Students at British universities could be charged variable tuition rates that reflect the economic value of their degrees, Minister for Education Damian Hinds said on Sunday, before the launch of a review of higher education funding.
University tuition fees in England are high compared with elsewhere in Europe at around 9,000 pounds ($12,640) a year, and the opposition Labour Party gained support from students in last year’s election with a pledge to abolish fees in the future.
Hinds defended tuition fees in principle on Sunday, saying they divided the cost of university education between the taxpayer and the student, but he wanted to see more variety in the way higher education is funded.
“What we need to look at is the different aspects of pricing, so the cost to put on the course, the value it is to the student and also the value to our society as a whole and to our economy for the future,” he told BBC’s Andrew Marr show.
The Sunday Times said the government expected to see cuts in the fees for social science and arts courses which are cheaper for universities to provide.
Hinds told the newspaper that almost all institutions were charging the same maximum amount for almost all courses and indicated he wanted to see more choice on price.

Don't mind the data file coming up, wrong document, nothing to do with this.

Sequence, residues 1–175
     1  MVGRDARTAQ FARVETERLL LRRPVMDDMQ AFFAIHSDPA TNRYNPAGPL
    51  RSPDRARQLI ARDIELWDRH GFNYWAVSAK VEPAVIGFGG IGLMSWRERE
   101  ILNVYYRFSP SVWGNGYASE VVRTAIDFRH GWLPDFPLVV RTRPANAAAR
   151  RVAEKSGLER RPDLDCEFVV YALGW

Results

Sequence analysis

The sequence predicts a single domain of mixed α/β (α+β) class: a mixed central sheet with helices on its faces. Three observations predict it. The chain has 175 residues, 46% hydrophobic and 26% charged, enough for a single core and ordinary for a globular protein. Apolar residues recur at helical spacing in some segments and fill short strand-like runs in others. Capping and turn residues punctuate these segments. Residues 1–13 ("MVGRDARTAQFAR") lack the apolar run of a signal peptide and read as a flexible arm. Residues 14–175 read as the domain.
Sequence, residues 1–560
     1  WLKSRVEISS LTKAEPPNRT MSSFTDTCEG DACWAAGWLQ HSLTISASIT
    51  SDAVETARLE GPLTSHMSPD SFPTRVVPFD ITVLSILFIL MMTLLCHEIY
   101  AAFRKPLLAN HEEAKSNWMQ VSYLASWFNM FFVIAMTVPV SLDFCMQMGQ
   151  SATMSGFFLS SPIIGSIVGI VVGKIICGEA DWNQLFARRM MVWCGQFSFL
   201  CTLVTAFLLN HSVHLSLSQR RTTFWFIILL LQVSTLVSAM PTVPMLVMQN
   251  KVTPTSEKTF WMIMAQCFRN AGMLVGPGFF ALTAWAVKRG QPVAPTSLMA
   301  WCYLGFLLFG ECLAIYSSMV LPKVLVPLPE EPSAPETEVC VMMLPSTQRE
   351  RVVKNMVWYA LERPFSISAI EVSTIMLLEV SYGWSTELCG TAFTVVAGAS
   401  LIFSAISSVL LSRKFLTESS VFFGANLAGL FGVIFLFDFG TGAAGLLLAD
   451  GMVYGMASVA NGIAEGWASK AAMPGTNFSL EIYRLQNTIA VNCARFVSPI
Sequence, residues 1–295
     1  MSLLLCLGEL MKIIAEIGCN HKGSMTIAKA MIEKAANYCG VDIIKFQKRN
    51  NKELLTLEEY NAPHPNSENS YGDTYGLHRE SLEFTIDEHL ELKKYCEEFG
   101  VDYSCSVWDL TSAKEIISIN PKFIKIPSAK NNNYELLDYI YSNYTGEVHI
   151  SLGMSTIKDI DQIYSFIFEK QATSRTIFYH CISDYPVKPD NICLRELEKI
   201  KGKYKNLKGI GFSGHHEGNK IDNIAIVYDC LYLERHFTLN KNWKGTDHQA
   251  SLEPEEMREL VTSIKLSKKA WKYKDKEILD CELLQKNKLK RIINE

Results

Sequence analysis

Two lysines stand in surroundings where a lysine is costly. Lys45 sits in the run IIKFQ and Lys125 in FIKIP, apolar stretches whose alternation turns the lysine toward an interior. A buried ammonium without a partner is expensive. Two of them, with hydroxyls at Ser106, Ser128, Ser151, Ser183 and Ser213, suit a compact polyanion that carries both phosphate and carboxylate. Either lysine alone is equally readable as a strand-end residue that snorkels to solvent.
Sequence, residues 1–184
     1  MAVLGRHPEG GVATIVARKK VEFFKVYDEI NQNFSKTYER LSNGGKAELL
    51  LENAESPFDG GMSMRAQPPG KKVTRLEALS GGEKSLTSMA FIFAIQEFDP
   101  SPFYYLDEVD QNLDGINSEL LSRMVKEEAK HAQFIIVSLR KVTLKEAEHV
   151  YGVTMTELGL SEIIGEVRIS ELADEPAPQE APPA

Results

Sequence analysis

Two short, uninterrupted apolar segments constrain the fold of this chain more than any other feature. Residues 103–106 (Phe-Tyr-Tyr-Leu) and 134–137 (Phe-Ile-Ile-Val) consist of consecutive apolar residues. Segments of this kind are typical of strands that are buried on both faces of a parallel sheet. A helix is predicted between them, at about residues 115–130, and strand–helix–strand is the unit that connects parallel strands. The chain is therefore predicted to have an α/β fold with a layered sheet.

“Some have higher returns to the student than others,” he said.
“It’s right that we now ask questions about how the system operates. I would like to see options available which have different costs.”
He said the review, due to be launched on Monday, would also look at the interest rate charged on student loans, used to fund tuition fees and living costs for students.
Earlier on Sunday, a parliamentary committee said the government should cut the interest rate it charges on loans to English students, and statisticians should review why the cost of hefty write-offs barely figures in official borrowing data.
Student loans taken out since 2012 charge a variable interest rate that is 3 percentage points higher than the prevailing rate of retail price inflation, taking the current interest rate to 6.1 percent.
The British parliament’s Treasury Committee said the use of RPI as a benchmark was unfair, and the 3 percentage point premium introduced in 2012, was hard to justify.
“The government must reconsider the use of high interest rates on student loans,” Nicky Morgan, the Conservative chair of the cross-party committee, said.